Graham Price explains how the Exchange Process can be a useful tool in resolving conflict
There are various tools I teach my clients to use when resolving conflict. This article describes a powerful tool called the ‘exchange process’. It generally has a big impact in reducing or eliminating conflict; I often use it with my “couples” clients but it can be used in any conflict between two people.
In this stage, each person has a designated amount of time to express their perspective on an issue. The time can be agreed beforehand or left flexible. When someone is speaking, the other person must listen and cannot talk or interrupt. When the first person has finished, or the pre-agreed time runs out, the second person can speak, again without interruption. They keep swapping until both participants have said everything they want to say. The whole stage can have a time limit if you wish. Stage 1 is then over, and stage 2 begins.
In stage 2, each person can only speak about what they could do to satisfy the other person’s perspective. Again, they take it in turns with no interruptions. Again, there can be a pre-agreed time limit or it can be left flexible.
Some of the tools that I have mentioned in previous articles can be helpful here, such as:
Accepting What Is (Pacceptance)
A four-step process to eliminate negative thoughts. (The average person has around 20 negative thoughts per day. I meet clients who have many hundreds per day).
Recognise we’re having a negative thought.
Acknowledge the thought involves ‘wishing for the impossible’. Negative thoughts always want something to be different. The past and present can never be different … it’s too late. Worry about the future only ever entails something we believe we cannot control. Or we only ever worry to the extent that we believe some aspect of the worry is not in our control. If we could control it, we wouldn’t be worrying.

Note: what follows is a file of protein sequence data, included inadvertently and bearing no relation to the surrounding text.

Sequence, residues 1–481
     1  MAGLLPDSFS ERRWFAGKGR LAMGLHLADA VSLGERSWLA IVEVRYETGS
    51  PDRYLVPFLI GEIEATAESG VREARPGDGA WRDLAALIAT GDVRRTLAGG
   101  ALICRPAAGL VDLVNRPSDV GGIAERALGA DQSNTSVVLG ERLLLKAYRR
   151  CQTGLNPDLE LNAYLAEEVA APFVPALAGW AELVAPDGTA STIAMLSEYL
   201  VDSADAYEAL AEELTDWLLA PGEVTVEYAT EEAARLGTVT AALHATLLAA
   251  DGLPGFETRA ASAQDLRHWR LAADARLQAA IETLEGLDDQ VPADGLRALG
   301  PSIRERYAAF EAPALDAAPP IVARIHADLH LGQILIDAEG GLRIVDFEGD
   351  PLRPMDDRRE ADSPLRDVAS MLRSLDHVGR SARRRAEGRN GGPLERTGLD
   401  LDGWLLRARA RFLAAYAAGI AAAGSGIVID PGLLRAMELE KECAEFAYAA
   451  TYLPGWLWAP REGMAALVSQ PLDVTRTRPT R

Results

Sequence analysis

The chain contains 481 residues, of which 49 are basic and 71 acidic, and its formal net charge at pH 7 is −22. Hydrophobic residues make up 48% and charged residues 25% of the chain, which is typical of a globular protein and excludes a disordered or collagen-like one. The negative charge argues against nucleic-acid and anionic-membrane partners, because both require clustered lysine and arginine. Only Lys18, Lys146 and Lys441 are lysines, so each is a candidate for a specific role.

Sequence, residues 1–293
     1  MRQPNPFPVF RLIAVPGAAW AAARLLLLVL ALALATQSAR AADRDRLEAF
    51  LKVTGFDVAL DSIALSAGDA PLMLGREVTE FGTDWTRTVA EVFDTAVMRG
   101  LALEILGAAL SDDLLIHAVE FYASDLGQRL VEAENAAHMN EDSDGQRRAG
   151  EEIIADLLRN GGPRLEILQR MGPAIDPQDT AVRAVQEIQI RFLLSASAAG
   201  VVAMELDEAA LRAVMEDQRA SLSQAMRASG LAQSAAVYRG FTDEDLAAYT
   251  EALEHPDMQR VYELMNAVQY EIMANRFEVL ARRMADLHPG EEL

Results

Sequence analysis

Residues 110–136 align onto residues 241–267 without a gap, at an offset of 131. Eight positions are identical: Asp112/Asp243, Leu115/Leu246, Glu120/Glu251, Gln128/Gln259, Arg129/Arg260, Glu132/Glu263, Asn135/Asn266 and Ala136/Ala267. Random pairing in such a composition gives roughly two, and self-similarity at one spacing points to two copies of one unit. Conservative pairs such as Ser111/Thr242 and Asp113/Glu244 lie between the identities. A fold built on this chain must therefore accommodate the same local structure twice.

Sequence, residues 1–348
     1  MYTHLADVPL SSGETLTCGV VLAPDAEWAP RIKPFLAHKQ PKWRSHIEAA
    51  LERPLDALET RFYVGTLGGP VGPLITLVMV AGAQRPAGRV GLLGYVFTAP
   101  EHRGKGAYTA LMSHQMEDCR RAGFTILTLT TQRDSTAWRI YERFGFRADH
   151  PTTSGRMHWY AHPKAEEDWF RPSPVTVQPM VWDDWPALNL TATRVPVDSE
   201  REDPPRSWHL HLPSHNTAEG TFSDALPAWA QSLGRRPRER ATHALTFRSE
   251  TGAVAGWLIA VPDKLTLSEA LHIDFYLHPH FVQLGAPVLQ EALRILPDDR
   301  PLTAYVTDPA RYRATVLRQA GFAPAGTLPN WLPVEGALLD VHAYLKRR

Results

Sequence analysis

Entails dropping the irrational thought, in the case of worry, replacing it with ‘que sera sera, whatever will be will be’, and accepting that. The thought may come back. If that happens, go back to step 2, then drop the thought again. It won’t keep coming back.
Entails focusing on anything we can do to improve the future. In the case of worry that entails ‘what can we do, if anything, to gain more control?’
This tool recognises that everything we or others have done is always the only thing we could have done. That’s because everything we’ve done was totally determined by two things … the situation we were in at the time and who we were at that moment. Who we are at any moment is made up of things like our knowledge and abilities, our beliefs and awareness, our morals and values, our unconscious programming and a bunch of other things that, together, determine how our mind works at any moment.
This entails noticing what our mindset or ‘auto-pilot’ is about to get us to do and choosing to do something more positive or productive instead.
Owning our reactions
Recognising that our reactions are always driven by us. The other person is just the trigger for our reactive programming.
These statements are about expressing the impact the other person’s behaviour has on our feelings or emotions.
Contribution is about living our lives contributing to the lives of others all the time.
A commitment is an unbreakable promise to act in a certain way, now-forward.
Stage 3 of the Exchange Process involves a discussion about what compromises, mutual agreements, win-win solutions, or concessions we can agree now, to resolve the conflict.
The above exchange process is a powerful way to resolve any conflict. I suggest you use it whenever appropriate. It can be repeated if required to continue to move things forwards. It can be used to resolve any conflict, such as between two people or organisations, up to international conflicts, even those involving aggression and violence.